After nine years, Matt Damon returns to his signature role. The results are…well, they’re okay enough.
Why would he come back now?
I’m not an actor, but there is one role I’ve always wanted to play. It’s not Han Solo, or James Bond, or Aragorn. He often has just one line. It’s the guy whose part is to stand still, in a room lit only by computer screens, and gasp when a single, recognizable face appears: “My God…that’s Jason Bourne.”
It happens every time, and it’s always thrilling (if darkly comic), because of how loaded that realization is. Here we go again, it means. Time for Matt Damon to punch someone with a toaster. Time to make the CIA look like morons. Time to get motion sickness from the camerawork.
I love the Jason Bourne movies despite, or perhaps because of, that repetition. It’s just as valid as the Bond or Mission: Impossible formula, isn’t it? There’s always a new extra-legal black ops program to expose; there’s always another crusty CIA director to depose (this time it’s Tommy Lee Jones as “Dewey,” and he’s so natural I’m not convinced he doesn’t actually believe the stuff in his monologues*). There’s always an idealistic Bourne Girl to lend him aid. There are always corners to wait around and snipers to foil and cars to crash. And, when it’s over, there’s always Moby. Always, always Moby.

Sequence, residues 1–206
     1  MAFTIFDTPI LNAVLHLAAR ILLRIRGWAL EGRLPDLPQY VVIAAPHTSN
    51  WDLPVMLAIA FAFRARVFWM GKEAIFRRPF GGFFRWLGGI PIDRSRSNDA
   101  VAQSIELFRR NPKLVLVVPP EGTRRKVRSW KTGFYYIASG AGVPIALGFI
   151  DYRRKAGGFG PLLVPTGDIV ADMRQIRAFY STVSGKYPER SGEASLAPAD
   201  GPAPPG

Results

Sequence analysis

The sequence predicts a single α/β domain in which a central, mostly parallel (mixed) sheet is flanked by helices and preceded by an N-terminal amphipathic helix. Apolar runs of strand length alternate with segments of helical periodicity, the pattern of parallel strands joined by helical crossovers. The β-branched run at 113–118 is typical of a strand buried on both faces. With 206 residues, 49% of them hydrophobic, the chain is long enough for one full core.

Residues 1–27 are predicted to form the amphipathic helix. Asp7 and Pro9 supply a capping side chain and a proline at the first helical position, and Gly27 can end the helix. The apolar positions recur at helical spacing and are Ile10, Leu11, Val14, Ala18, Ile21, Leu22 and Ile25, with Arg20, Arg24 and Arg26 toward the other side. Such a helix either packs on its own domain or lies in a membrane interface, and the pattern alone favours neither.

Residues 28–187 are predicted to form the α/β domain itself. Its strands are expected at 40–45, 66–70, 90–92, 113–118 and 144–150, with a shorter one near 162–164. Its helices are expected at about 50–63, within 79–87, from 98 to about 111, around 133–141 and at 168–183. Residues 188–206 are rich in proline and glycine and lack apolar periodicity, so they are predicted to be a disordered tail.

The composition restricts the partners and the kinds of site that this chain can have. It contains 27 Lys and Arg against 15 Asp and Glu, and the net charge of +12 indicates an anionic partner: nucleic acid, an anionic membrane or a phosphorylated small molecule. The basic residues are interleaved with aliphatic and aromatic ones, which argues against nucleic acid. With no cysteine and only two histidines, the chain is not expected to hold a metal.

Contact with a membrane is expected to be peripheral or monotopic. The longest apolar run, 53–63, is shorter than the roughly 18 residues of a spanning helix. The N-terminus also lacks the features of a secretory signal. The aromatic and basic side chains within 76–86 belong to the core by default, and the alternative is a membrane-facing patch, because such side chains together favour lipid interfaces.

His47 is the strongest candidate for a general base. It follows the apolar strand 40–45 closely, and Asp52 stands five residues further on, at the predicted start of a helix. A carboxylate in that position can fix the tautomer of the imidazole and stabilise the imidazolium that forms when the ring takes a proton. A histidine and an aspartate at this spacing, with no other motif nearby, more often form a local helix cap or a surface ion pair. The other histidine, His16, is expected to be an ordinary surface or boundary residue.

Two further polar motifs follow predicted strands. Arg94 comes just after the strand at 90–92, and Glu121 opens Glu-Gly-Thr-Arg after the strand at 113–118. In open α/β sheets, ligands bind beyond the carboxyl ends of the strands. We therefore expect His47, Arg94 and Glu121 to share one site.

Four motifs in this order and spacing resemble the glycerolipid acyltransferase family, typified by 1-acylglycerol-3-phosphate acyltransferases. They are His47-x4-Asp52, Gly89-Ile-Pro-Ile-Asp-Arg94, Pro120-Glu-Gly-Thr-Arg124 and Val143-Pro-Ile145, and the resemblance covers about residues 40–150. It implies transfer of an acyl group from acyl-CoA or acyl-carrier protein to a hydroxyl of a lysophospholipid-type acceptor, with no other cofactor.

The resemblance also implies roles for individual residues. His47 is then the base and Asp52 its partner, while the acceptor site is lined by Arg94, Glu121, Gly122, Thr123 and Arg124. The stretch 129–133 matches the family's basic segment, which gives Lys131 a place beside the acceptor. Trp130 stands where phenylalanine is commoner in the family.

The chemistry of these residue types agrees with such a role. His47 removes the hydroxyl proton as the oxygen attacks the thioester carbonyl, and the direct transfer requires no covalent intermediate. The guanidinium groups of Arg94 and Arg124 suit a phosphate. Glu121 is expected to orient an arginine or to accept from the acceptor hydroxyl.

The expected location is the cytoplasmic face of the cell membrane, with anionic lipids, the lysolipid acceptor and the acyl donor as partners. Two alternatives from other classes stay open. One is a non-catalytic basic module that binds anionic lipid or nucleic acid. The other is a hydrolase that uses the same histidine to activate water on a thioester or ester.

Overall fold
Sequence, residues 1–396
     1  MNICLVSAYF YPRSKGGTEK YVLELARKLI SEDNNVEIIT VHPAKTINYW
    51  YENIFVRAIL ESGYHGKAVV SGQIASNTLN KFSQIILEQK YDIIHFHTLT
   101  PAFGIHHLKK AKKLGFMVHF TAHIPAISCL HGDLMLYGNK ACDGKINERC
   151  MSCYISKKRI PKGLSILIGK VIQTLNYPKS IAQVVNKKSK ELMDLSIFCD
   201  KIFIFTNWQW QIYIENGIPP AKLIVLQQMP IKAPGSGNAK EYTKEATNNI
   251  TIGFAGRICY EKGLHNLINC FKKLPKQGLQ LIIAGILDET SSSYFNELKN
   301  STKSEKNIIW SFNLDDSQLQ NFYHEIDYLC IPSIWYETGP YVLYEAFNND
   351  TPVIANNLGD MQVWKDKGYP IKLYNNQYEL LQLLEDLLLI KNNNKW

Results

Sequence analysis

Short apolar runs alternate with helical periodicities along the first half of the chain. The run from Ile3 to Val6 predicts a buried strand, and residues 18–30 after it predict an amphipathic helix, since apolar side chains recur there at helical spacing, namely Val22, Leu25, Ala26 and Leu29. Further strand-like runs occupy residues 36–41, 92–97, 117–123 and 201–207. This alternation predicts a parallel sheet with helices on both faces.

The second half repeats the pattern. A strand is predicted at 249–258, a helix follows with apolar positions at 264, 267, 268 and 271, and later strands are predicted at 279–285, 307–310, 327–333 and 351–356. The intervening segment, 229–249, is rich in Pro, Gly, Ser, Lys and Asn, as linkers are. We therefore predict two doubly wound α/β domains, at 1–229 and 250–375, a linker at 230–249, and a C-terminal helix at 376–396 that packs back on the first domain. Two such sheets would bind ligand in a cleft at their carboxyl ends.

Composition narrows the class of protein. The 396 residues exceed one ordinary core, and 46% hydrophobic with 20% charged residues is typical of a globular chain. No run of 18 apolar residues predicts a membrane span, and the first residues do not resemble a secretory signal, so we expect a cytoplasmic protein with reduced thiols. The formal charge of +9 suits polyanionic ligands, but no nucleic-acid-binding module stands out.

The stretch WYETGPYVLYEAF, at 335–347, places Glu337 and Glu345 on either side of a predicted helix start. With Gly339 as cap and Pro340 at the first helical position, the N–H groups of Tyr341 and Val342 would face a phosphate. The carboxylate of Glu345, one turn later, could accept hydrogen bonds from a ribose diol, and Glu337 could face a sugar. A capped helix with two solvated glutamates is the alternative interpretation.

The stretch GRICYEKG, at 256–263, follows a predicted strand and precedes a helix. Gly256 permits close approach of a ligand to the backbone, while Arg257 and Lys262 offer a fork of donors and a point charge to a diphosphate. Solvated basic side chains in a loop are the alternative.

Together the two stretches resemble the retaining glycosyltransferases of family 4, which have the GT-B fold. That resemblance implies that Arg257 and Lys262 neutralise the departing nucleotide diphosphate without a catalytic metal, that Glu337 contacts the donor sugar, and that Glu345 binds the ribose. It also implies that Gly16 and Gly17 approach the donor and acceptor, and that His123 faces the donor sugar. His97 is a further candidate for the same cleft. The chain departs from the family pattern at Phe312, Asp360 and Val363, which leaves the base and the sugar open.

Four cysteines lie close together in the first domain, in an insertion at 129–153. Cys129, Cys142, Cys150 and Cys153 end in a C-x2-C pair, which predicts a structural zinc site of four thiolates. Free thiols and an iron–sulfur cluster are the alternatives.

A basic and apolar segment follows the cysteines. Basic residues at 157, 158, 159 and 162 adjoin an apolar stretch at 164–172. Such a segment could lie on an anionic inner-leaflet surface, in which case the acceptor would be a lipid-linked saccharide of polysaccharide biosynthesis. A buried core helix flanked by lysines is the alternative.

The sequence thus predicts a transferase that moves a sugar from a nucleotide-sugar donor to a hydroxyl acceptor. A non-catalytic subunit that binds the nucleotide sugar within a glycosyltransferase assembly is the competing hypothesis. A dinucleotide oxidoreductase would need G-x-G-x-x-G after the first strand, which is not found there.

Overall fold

*Jones follows in the footsteps of Chris Cooper, Brian Cox, David Strathairn and Scott Glenn, and if that doesn’t sound like the world’s worst dinner party, I don’t know what does.
But at the same time, what makes Bourne special is that the series has always aimed for a pulpier intellectualism. These films are a product of their time, in how the original trilogy commented on War on Terror policies like rendition, civilian targeting, and all-around international meddling. Now almost a decade has gone by (and no, I’m not going to talk about the Jeremy Renner-led stopgap The Bourne Legacy, because Jason Bourne doesn’t), and we’re nearing the end of a different presidency. At this point in Jason’s life, he’s spent considerably more time on the run from his former handlers than he ever spent working for them. If Damon and director Paul Greengrass — the king of the white-knuckle docudrama — are going to bring our (now) grey-haired assassin back out of the shadows, spoiling the poetic ending of The Bourne Ultimatum, they better have a good reason. They better have something new to say.